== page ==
JF Ptak Science Books Post 1554
In the history of mountains seldom have they raised themselves so magnificently as that seen in Jacopo da Valenza's St. Jerome in the Wilderness. Painted in about 1509, da Valenza (who flourished from 1478-1509) depicts the 4th century Saint--a Doctor of the Catholic Church, proponent of asceticism, scholar, philosopher, historian and translator of the Bible--sitting calmly and reading a book balanced on the top of a rock pile, sitting in a deep state, with a metaphorical depiction of time and biography looming impossibly and invisibly behind him in the form of a mountain.
I believe that the scene that wind their way around the mountains are those from St. Jerome's life, displayed for all but not to him, shown as a chronological memory in simultaneous display.
The imagery of the mountain displays as much history and imagination as required by the viewer. It has a distinct Tower of Babel quality to it, though here the mountain very decidedly has no upper limit, no summit, the mountain disappearing into the north end of the painting, and actually seems to be getting larger and more dense as it ascends.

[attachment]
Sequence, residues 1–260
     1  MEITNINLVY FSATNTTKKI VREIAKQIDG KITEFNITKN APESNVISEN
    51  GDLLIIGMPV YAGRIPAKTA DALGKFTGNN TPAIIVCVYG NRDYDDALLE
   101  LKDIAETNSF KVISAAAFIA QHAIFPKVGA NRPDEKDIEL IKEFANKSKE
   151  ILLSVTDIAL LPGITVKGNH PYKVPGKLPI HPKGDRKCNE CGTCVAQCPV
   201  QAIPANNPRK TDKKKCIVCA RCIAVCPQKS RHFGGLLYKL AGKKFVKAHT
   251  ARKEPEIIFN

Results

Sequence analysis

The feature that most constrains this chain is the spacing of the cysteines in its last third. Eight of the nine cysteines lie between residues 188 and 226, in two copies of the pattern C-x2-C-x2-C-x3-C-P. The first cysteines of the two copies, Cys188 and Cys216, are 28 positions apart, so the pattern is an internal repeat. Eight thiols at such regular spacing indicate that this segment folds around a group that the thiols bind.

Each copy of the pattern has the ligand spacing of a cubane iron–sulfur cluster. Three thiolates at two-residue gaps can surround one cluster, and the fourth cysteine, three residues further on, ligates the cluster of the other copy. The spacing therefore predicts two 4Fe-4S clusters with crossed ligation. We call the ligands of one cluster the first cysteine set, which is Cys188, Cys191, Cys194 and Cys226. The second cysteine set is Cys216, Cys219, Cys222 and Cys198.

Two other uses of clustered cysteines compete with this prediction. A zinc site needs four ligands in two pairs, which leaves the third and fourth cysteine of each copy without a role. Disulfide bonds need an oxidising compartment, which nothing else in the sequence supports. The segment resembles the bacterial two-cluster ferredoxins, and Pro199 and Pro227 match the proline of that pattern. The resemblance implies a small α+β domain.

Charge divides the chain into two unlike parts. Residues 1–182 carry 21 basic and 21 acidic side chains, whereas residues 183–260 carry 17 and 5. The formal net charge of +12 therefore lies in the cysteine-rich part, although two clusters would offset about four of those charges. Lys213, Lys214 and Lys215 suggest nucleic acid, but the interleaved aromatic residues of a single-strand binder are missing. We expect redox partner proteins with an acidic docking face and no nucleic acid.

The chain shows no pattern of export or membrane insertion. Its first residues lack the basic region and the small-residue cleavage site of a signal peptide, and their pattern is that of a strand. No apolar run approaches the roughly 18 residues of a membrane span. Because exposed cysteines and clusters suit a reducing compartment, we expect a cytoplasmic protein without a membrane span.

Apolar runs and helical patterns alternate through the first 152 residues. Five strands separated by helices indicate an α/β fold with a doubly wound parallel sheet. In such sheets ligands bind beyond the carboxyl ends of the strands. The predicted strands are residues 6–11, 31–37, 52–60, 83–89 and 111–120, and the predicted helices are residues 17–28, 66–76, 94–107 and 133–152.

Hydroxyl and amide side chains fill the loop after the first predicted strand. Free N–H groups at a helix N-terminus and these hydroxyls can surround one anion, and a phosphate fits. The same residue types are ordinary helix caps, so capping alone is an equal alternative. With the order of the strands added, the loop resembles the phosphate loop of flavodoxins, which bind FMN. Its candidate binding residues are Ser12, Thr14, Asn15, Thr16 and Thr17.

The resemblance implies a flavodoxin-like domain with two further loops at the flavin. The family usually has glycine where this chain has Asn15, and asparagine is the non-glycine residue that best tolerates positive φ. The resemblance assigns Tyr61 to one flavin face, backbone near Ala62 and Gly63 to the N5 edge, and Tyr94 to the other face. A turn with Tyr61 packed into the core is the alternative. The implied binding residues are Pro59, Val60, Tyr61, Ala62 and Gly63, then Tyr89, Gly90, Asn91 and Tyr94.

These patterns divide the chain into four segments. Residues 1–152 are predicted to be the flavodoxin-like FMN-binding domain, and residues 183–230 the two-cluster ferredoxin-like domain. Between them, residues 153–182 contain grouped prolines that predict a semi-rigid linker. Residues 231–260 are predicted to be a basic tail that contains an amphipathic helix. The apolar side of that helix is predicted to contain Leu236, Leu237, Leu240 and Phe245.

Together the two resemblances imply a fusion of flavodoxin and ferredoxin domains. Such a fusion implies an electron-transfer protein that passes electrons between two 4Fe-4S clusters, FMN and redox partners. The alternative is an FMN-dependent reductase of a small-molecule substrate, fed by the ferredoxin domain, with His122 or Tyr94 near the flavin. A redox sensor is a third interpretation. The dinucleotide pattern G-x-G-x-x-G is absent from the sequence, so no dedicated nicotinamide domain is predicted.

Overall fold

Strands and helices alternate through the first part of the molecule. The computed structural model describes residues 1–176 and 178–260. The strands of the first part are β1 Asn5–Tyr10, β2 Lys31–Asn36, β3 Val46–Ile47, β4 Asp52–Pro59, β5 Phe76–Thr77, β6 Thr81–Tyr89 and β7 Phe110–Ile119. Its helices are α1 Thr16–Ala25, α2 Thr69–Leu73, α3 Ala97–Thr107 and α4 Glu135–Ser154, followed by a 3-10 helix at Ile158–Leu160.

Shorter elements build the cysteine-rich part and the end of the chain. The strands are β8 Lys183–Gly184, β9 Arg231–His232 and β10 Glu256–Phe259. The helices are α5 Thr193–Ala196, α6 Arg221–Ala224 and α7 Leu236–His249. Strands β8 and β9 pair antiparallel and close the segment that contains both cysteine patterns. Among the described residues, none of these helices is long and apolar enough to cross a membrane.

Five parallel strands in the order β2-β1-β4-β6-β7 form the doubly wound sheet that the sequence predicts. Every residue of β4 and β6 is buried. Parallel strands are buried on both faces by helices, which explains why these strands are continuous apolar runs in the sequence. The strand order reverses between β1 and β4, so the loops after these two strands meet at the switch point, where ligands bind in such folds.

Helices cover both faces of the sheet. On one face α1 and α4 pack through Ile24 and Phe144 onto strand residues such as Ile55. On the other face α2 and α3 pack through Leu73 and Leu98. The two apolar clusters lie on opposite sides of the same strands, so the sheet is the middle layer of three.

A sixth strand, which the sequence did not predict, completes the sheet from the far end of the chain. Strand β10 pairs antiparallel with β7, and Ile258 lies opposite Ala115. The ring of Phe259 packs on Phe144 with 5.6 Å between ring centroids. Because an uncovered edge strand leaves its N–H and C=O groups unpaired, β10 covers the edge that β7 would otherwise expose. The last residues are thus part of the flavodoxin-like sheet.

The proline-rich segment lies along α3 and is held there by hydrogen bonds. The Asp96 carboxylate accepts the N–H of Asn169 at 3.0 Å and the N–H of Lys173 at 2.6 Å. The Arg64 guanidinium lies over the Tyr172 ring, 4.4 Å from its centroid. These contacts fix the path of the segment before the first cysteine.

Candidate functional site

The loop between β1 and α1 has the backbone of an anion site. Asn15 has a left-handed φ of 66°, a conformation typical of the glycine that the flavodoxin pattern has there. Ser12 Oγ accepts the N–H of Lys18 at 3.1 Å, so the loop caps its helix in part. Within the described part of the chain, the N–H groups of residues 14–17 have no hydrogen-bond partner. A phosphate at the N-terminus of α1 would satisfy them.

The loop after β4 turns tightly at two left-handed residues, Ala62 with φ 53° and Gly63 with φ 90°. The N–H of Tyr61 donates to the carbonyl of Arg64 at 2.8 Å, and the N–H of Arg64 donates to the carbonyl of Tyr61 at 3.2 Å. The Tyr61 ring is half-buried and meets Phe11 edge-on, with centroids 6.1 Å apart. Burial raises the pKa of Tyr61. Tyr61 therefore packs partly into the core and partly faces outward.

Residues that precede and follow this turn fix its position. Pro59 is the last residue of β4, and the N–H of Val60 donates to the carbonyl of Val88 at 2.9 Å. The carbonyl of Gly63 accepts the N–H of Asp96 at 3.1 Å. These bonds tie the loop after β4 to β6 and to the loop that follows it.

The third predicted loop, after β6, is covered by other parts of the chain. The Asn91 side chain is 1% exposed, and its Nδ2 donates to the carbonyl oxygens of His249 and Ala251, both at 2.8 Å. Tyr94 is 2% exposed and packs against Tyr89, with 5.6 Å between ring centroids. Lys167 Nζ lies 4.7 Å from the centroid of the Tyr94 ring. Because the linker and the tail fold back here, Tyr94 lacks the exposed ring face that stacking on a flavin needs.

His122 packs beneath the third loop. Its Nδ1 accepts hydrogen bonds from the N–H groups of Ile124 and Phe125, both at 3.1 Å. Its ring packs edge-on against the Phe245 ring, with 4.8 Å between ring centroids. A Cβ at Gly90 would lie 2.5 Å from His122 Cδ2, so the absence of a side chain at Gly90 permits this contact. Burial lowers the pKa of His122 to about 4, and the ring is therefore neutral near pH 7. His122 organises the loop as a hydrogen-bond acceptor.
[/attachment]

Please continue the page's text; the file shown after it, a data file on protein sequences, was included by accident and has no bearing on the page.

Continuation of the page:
Jerome is serene, larger matters on his mind than a simple history of one life.
The saint is frequently shown in very stark surroundings, and occasionally appears in more formal and lush biblio-related scenes--as the man did, after all, serve his Pope in very advanced capacities in Rome for a number of years. But this I think is how we picture Jerome in a generalized way--except for the extraordinary mountain.